Note that in the preferred embodiment the Java application 202 could make several requests for the “C” application 212 to do work under the scope of the transaction and each time the Thin XA wrapper 213 will join the end the XA transaction branch.
Further note that in an alternative embodiment, for example, the Java application 202 could send a request to the “C” application 212 via a proxy object in server 201. Such a proxy object could, for example, be the Thin XA Client 203 or an object which invokes, directly or indirectly, an object which represents the Thin XA Client. Further in this embodiment the full XID could be passed to the proxy object, and Thin XA client, as a parameter on the request. Similarly a proxy object could be configured in server 211 such that requests to and responses from the “C” application 212 are made through the proxy object. Such a proxy object could, for example, be the Thin XA Wrapper 213 or could be an object which invokes, directly or indirectly, an object which represents the Thin XA Wrapper. Further, in this case the XID can be passed to it as a parameter on a call to the proxy, rather than as part of a context included with the flow.
Note that server 201 which contains the transaction manager could be, for example, a J2EE Application Server with a JTA transaction manager, or alternatively a CORBA server with a JTS transaction manager, that co-ordinates resource managers through their Java XAResource interfaces.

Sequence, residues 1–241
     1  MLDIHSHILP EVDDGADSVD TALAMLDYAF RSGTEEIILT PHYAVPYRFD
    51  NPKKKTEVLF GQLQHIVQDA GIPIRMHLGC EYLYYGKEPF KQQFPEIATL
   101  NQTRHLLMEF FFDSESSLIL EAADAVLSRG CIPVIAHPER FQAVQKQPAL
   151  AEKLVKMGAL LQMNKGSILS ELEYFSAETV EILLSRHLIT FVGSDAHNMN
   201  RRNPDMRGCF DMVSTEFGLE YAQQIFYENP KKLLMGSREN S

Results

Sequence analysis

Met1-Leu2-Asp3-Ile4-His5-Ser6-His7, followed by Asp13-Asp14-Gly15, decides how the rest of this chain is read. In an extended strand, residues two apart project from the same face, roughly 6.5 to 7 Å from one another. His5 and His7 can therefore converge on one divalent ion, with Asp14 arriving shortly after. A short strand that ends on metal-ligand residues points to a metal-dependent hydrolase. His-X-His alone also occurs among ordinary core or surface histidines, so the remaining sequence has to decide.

Note that if dynamic registration is used step 405 would ensure that the XID was available such that when the database subsequently calls an ax_reg( ) function the thin XA wrapper can return the XID which it received with the request.
Note that if the “C” application fails in some way such that unit of work which it performs fails, the “C” application may throw an exception or return a response which indicates this failure. In this case the remote requester can process the failure and ensure that the global transaction is rolled back. In another embodiment the transaction wrapper could become aware of this failure at step 411 of
Accordingly, the preferred embodiment of the present invention enables a transaction manager in a first system to co-ordinate database updates made in a second system database without requiring communication with the second system during transaction completion processing (commit or rollback). This is achieved by carrying out the database updates in the second system in an XA transaction branch that is started are co-ordinated in the first system. Further this is done transparently to the application in the second server which makes the updates and enables the application in the first and second server to share locks such that both can access the same database. Further because of the transparency to the application in the second server there is no need for it to be re-written to take advantage of the invention.
Note that a skilled person in the art would realise that the methods described with reference to
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|U.S. Classification||707/607, 707/999.01|
|International Classification||G06F9/46, G06F7/00, G06F17/30|